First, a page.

This morning I read in “Natural History” by Pliny the Elder, that Baltia is a large island in three days’ sail from the shores of Scythia. Latvia, Lithuania and Estonia are not an island, of course. But it’s tempting to imagine living on one. Even more so, on a small one. Is it a dream for run-aways or stayer-putters? Borrowing words from Daisy Johnson’s book Everything Under. I am probably a bit of both. I ran away once to stay where I stopped. Ever since I live on a kind of an island. Away, but right here.
A few years ago we moved to a riverside village called Krastciems here in Jūrmala or coast-village if translated. I haven’t boarded a plane for five years. On my last flight to Stockholm in August of 2014, to interview artist Antony Gormley, a butterfly boarded in Riga with me and landed in Stockholm. I returned.
My island is this land that I walk or ride each day. It is three miles wide – the distance from river Lielupe to the Baltic Sea. I would laugh in disbelief if you would tell me years ago that I’ll live in a village and walk the same paths each day. Yet here I am.
Our house is old. A local priest lived here more than hundred years ago. The whole village belonged to a church once. Parts of it still do. When my husband renovated a wall, facing west, to not let the freezing wind blow in the house during winter, he found pine needles and moss stuffed inside (along with mice skeletons), the way they insulated walls a century ago. The house has changed a bit since then. Growing like a coral reef. The second floor was built when my husband was a little boy. A boiler room for heating system was built after our first winter here. Many layers of history are present in geography of the architecture. Including that hole in the kitchen floor that waits for a day when we’ll be able to deal with it. House needs love. This house on an island between river and sea.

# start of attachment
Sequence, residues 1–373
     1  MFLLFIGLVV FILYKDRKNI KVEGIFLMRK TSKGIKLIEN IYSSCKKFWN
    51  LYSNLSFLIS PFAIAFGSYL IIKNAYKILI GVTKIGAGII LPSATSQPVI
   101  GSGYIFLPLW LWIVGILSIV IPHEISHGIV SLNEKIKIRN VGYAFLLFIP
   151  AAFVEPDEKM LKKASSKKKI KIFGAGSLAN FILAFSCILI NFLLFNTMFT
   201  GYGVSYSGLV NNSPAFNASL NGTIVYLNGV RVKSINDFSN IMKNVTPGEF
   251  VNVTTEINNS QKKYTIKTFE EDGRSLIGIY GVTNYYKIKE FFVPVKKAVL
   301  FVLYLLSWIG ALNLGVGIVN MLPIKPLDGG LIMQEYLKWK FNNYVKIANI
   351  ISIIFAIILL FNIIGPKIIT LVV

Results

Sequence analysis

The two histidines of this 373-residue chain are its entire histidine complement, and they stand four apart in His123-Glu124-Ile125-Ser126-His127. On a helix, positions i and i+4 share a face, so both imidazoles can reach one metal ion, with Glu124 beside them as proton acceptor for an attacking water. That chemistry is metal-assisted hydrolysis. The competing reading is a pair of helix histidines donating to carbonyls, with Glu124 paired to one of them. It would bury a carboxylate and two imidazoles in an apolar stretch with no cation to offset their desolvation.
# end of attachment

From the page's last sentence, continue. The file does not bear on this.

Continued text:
Place sucks you in like a rabbit hole. It seems right that the Sea Library was born exactly here. Only strange wonders can survive in this air. Only books can grow here on shelves with collected shells like apples in trees. I read in an Urban Dictionary a term island time: The time vacuum created by the ocean’s presence. Similar to stoner’s time, everything moves nice and slow. This carefree aura even has the ability to travel with islanders and can engulf you in their presence. I am not that carefree. I have two boys, three cats and almost 300 sea books to take care of. But still, the sea does bend time.
It’s a continual present here. Same paths, always different river, ever-changing sea. Never landlocked. Almost never out of time.
Books that postman brings on her yellow bicycle and stuffs in my yellow post box and readers who let me put these books in their hands, all are part of this enchanted land. I’m probably under a spell. I believe, Prospero hides somewhere and doesn’t let me go. But I do not mind. Why would I?